International Construction regional report on the Middle East

By Helen Wright17 July 2012

Doka formwork is being used on the core of the CMA Tower in the King Abdullah Financial Distirct in

Doka formwork is being used on the core of the CMA Tower in the King Abdullah Financial Distirct in King Abdullah Financial Distirct, Saudi Arabia.

The oil exporters of the Middle East are reaping the rewards of a sustained rise in prices, and this in turn is driving construction growth as governments channel the revenues into new projects. In fact, a total potential construction project pipeline worth US$ 172 billion is expected in Gulf Co-operation Council (GCC) countries - Bahrain, Kuwait, Oman, Qatar, Saudi Arabia and United Arab Emirates (UAE) - this year, according to Standard Chartered and there are some clear hot spots emerging.

In terms of projects awarded, Saudi Arabia will remain region's busiest market across all key sectors, from infrastructure to power and gas. Standard Chartered estimated that Saudi Arabia's share of the total pipeline would be around US$ 61 billion this year, with US$ 8.4 billion of projects already awarded since the beginning of the year.

A powerful engine of growth in the region, Saudi government spending on non-oil infrastructure projects is forecast to be +7% higher in 2012 than last year. Infrastructure spending under the Saudi government's 2012 budget allocates US$ 9.4 billion for transport, including projects to expand airports, and the construction of 4000 km of roads.

A clear symbol of the Saudi government's ambition is the
US$ 1.2 billion Kingdom Tower - a 1 km high building that was granted its construction permit in February. The centrepiece and the first construction phase of Kingdom City, a new
5.3 km2, US$ 20 billion urban development scheme in the north of Jeddah, the skyscraper will be the tallest building in the world when it is complete.

Meanwhile, Saudi Arabia also plans to invest more than US$ 12.3 billion to overhaul its three international airports in Riyadh, Jeddah and Dammam by 2020, according to Deloitte's GCC powers of Construction 2012 report, while there is also plenty of activity on Saudi Arabia's railways.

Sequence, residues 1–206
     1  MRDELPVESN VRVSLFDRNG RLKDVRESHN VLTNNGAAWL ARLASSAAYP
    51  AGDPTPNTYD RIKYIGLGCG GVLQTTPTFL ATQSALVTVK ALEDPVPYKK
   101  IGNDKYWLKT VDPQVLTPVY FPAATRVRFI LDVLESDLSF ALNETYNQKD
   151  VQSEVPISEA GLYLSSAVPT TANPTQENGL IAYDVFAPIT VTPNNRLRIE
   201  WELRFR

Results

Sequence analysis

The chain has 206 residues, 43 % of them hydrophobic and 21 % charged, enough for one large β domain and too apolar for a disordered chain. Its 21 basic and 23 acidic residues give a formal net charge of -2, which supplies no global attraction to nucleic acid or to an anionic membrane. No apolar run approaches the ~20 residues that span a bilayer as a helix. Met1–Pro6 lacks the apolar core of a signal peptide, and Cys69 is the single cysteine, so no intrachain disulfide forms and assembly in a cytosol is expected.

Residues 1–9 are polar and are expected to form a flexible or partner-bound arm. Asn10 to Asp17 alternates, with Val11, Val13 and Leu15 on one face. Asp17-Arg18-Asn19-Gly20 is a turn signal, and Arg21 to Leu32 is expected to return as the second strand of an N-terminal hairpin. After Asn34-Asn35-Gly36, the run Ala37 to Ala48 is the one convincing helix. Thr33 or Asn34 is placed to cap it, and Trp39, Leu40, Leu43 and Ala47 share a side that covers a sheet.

Construction of the 450 km Haramain high speed rail
line that will link the Saudi holy cities of Mecca and Medina to Jeddah is underway - a US$ 6 billion project is scheduled for completion in 2014. Meanwhile, the country's US$ 5.3 billion, 2400 km North-South railway is due to become operational
this year.

The government has also announced a US$ 613 million development package for all Saudi Arabia's nine ports, including significant enhancements at the largest Jeddah Islamic Port on the Red Sea.

In addition, 742 new schools and 40 new collages are
to be constructed in the education sector, which has a budget of US$ 45 billion this year, while 17 new hospitals are planned under the US$ 23.1 billion healthcare budget, in addition to
the 130 under construction.

Construction equipment

And Saudi Arabia is also expected to be one of the main driving forces behind an expected jump in construction equipment sales in the region this year.

Volvo Construction Equipment vice president for the Middle East sub-region, Jonas Gardetun highlighted the Kingdom as a rising star, commenting, "The construction market is improving rapidly in the Middle East and we see an increase from last year of +30% to +35% in the range of products we compete in. The clear hot spot is Saudi Arabia where the business today is on an all-time high level.

"The main drivers for the increase are infrastructure projects like roads, railways and airport expansions. The huge investments in the oil and gas sector are another driver for the construction market increase," Mr Gardetun said.

Elsewhere, the two largest economies in the UAE - Abu Dhabi and Dubai - are also enjoying strong positive momentum thanks to oil revenues.

There are signs that Abu Dhabi is ready to kick-start many of the projects in its pipeline after years of slow activity. Standard Chartered said a potential US$ 32 billion worth of projects were waiting to be awarded, with almost US$ 11 billion likely to be awarded in the second quarter of the year, followed by